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Deborah Kamen offers an engaging analysis of insults as a cultural phenomenon in democratic Athens in this well written and well researched monograph. While earlier scholars have tended to focus on invective within particular genres (especially comedy and oratory) or on the legal regulation of insults and abuse in Athens, Kamen casts her net more broadly, seeking to locate insult and its regulation within its democratic milieu and to understand its role in citizen experience. Kamen makes a significant contribution by bringing this material together and offering a balanced and intelligent assessment of it. [Disclosure: I served as a referee of an earlier version of this manuscript.]
In the introductory chapter, Kamen highlights her three main goals: to uncover the rules governing Athenian insults, which varied by context; to examine the content of these insults for evidence of what traits and behaviors Athenians condemned and by implication which ones they deemed praiseworthy; and to investigate the social functions that insults may have served and the consequences they may have had, "from bonding together individuals and communities to deeply dividing individuals from one another and from the city as a whole" (4). Kamen briefly surveys scholarship on insults in sociology, anthropology, and linguistics - she could perhaps have drawn further on this in the body of her study - before turning to focus on insults in their Athenian setting.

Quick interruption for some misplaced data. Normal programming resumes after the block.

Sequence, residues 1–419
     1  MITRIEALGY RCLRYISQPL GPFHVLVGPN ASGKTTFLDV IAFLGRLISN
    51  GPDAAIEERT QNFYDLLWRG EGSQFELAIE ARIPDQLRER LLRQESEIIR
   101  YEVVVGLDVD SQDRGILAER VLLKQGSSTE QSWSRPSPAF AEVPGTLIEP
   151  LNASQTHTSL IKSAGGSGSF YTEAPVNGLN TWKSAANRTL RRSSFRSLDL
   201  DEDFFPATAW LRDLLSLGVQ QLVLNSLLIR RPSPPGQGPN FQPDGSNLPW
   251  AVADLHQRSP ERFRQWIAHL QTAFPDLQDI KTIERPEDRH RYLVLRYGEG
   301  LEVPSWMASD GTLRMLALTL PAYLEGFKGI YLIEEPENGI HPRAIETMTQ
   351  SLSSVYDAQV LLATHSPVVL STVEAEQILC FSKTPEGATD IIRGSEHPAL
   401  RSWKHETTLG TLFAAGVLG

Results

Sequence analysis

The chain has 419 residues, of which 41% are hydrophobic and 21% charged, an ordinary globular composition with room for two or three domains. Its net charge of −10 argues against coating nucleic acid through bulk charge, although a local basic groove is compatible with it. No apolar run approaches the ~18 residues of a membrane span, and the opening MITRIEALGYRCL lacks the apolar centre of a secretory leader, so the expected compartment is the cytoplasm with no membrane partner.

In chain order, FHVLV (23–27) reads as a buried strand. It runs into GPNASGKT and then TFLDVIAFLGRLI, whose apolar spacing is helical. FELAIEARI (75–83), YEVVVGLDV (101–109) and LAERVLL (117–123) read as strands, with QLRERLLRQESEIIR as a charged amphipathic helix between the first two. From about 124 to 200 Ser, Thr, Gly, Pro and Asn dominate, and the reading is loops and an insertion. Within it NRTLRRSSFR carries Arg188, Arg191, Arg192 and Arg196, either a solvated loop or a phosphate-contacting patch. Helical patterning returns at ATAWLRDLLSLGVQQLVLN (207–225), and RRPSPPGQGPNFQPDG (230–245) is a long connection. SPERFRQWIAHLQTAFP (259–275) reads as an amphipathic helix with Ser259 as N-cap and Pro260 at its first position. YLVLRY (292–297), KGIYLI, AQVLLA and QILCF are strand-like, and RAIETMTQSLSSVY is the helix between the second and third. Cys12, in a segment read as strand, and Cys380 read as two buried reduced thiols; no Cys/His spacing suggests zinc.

The main body of the book is well structured. It begins with an analysis of "benign insults" in ritual contexts and at symposia; analyzes in separate chapters insults and abuse in Old Comedy and Attic oratory that can be significantly less benign; and then considers the legal regulation of "forbidden verbal abuse" and of hubris, that is, insulting and arrogant speech and behavior. Kamen effectively uses frequent section and subsection divisions to mark out the topics she treats, and to allow for comparison of similar material across chapters (this is especially marked in the chapters on comedy and oratory). In each chapter, she devotes considerable attention to the Greek vocabulary for different sorts of insults; this discussion is illuminating not only for the Greekless reader but also for scholars interested in the nuanced distinctions expressed by different terms.